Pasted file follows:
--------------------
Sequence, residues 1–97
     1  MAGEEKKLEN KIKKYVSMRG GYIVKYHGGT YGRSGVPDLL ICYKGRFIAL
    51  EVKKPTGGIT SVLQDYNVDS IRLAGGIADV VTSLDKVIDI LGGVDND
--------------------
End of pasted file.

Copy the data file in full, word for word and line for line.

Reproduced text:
Sequence, residues 1–97
     1  MAGEEKKLEN KIKKYVSMRG GYIVKYHGGT YGRSGVPDLL ICYKGRFIAL
    51  EVKKPTGGIT SVLQDYNVDS IRLAGGIADV VTSLDKVIDI LGGVDND